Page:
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I want to convert local datetime to unix timestamp(seconds) using Moment js. I have used following formulas:-

moment().unix() moment(new Date()).format("X")

Example:-

a) IST Time - 11th April 2020 11:45 AM , UNIX Timestamp - 1586605500 (In Seconds)

b) UTC Time - 11th April 2020 06:15 AM , UNIX Timestamp - 1586585700 (In Seconds)

I am expecting to get result a) as Unix Timestamp but I am getting b) instead. How to resolve this problem in easy way using Moment JS?

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    I think you're confused about what a Unix timestamp is. It is always a number of seconds since the Unix epoch, defined as 1970-01-01T00:00:00Z. It indicates an instant in time, not a local time in a specific time zone. There's no such things "UNIX timestamp of local timestamp" If you understand that, it would be helpful if you'd clarify your question, in particular giving concrete examples.
    – Jon Skeet
    Apr 11 '20 at 5:56
  • I know about UNIX timestamp. May be my interpretation of asked question was not correct. I have edited my questions with example to help you understand my problem better. Apr 11 '20 at 6:12
  • I would strongly advise you to remove the notion of "local unix timestamp" from the question, given that that's not a valid concept - it's like asking for a "local UTC time".
    – Jon Skeet
    Apr 11 '20 at 6:14
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    But fundamentally your first example is incorrect, and suggests you don't yet understand Unix timestamps. A Unix timestamp of 1586605500 represents 2020-04-11T11:45:00Z - at that instant in time, it will be 5:15pm in India. At 11:45am in India, the Unix timestamp was 1586585700. Unix timestamps have no concept of time zones - they just present an instant in time. If people from two different countries were having a conversation, they'd both agree on "the current Unix timestamp" even if their watches showed different times.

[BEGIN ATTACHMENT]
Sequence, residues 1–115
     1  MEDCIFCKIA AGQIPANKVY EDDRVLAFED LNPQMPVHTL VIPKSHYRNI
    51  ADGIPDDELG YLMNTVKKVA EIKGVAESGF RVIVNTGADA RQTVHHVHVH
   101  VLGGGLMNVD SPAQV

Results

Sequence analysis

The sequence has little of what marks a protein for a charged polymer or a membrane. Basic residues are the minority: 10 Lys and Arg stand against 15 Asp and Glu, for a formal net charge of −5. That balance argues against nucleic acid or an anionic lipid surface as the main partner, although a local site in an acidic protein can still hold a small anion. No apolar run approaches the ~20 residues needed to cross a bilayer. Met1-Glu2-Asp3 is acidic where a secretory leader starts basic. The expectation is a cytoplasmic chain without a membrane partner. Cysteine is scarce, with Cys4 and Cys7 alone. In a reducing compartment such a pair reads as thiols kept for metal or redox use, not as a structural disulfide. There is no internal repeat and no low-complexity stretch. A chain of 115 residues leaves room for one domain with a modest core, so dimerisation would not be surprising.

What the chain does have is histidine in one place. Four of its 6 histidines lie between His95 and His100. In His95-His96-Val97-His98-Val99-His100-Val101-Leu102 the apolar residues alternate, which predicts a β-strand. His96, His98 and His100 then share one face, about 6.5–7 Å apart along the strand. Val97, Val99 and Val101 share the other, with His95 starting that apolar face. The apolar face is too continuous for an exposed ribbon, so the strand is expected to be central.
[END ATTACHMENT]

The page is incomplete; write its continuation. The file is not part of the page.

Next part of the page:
– Jon Skeet
    Apr 11 '20 at 6:15
  • I want to get number of seconds passed since the unix epoch(1970-01-01T00:00:00Z) from local time zone(IST in my example) and not from UTC. Is that possible? Apr 11 '20 at 6:20
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There's no such thing as a "local Unix timestamp". A Unix timestamp measures the number of seconds1 since the Unix epoch, which is defined as midnight on January 1st 1970 UTC.

This means that at any given instant in time, the current Unix timestamp is the same everywhere in the world. If people from two different countries were having a conversation, they'd both agree on "the current Unix timestamp" even if their watches showed different times.

So result b in your question is already correct: when it was 11:45am on April 11th 2020 in India, the Unix timestamp was 1586585700. Anything expecting 1586605500 isn't expecting a Unix timestamp. Rather than try to provide the result that that code expects, I would to correct that code to expect a Unix timestamp - or get it to expect a local value in some other form.


1 At least traditionally. The idea of "a Unix timestamp but in milliseconds, or microseconds, or nanoseconds" makes perfect sense, and doesn't change any of the rest of this answer.

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